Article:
The Imposter Syndrome In Women

By Modupe Akinyemi

Ever been in a situation where everyone but you acknowledges your competence, efforts, skills, capacity, performances, and even successes? You feel as though you are not as good as you are perceived to be. Despite all the productive results labelled to you, you believe it’s all based on luck. In short, you assume yourself to be an imposter- a fraud or deceiver.

Well, that feeling is not uncommon, it is called Impostor Syndrome. The Impostor Syndrome is a feeling or collection of feelings of self-doubt and inadequacy a person has despite evident successes. It involves attaching success to external factors and never based on your personal competence and skills thereby questioning accolades and awards given to you. So, no matter how much people appreciate and praise what you do, you find yourself constantly questioning it.

The cause of this Imposter syndrome is usually attributed to an upbringing of perfectionism. It is believed that children raised by parents who set very high standards are commonly found trying to measure up. Whether or not they meet up, they believe they could have done better. For them, delegation is an issue so they work themselves upon getting things done personally. However, for many women who experience this, it goes beyond a mere family calibration to societal and workspace conditioning that says they are not good enough.

Impostor Syndrome is commonly found in high-achieving women. We live in a society where women’s success are constantly being attached to someone else usually a man- father, husband, brother, uncle, fiancée, etc. Their strength, resilience, and ambition are considered not ‘healthy and good enough’ to produce on their own without the backing of someone else. Constantly being exposed to these societal mind frames makes accepting success difficult when it finally comes.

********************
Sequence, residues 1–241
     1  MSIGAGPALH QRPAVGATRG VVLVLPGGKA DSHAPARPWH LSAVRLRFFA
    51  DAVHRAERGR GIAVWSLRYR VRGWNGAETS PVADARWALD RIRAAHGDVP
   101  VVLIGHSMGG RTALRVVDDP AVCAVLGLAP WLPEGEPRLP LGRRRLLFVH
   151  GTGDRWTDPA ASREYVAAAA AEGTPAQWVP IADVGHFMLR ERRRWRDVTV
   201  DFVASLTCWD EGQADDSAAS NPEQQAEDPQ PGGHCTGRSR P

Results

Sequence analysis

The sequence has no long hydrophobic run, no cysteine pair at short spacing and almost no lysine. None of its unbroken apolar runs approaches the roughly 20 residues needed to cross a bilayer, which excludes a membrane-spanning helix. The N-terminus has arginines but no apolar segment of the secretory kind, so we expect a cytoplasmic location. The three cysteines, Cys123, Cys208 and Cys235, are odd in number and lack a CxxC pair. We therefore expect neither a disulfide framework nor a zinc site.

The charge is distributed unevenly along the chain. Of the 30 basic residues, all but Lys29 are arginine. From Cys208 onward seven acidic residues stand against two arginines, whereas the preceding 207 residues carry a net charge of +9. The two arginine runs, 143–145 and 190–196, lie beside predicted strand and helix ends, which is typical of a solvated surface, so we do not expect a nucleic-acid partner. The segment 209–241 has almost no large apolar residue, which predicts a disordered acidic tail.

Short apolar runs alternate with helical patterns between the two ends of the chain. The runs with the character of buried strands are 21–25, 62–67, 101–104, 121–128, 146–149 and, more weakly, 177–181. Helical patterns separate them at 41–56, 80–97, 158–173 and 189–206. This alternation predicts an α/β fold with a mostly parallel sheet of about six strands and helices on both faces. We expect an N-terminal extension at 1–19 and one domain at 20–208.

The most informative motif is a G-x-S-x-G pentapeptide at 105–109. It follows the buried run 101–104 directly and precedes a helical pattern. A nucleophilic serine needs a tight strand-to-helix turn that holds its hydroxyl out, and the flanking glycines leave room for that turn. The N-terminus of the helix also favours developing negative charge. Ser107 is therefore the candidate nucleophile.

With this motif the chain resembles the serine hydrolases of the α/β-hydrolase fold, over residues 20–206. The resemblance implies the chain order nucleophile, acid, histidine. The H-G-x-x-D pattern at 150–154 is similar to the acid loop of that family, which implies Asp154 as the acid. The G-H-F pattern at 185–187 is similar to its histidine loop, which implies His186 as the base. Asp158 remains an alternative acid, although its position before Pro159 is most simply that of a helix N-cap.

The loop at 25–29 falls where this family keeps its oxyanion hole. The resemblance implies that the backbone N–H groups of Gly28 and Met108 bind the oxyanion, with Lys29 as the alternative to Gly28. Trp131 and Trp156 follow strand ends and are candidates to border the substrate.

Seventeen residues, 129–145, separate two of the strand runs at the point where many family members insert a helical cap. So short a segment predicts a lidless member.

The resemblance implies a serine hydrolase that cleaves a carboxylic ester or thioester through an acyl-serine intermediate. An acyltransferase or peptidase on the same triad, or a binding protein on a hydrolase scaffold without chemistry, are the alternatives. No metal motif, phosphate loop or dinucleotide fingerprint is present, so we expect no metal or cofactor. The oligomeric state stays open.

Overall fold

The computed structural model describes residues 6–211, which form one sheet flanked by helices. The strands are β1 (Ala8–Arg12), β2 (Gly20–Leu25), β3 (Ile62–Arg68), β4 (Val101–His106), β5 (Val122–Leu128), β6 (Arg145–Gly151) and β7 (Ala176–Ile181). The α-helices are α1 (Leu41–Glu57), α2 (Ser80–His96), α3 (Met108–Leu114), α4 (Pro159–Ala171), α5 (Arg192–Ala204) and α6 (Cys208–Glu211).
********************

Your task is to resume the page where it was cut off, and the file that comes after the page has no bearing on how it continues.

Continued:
In a society where bias, patriarchy, and racism are prominent, you find imposter syndrome being a daily battle for the woman. While it can sometimes be a great motivation for performance, this driving force if not well managed can also grow intensely to a point where other non-productive emotions are birth such as anxiety, lack of confidence, self-doubt, self-hatred, and even shame. For example, you set for yourself a very tasking and somewhat unrealistic goal within a particular time frame and when you don’t achieve it, you beat yourself up excessively over it. Even when you do achieve it, you attribute it to someone or something else.

Do you think you have imposter syndrome? Here are a few points for you to remember that will help mitigate the feeling:

  • Reframe your mind and your words. Teach your mind to understand you are capable of succeeding.
  • Daily look into your mirror and read out your achievement and say to yourself: I did it!
  • Be kind to yourself. Uncertainty is not an uncommon feeling but excessively beating yourself up about it is unfair to you.
  • Every professional is pressured not to fail so you are not alone in that feeling. When you do fail, accept it and pick up.
  • Whenever you feel your confidence is not on the 100% bar, trust me you are from being alone, we all have those days.
  • Never feel ashamed to ask for help, asking for help does not make you less relevant or competent.
  • ●      Celebrate yourself! Celebrate your small wins! Celebrate your successes.

Images: Google

Source: Above Whispers

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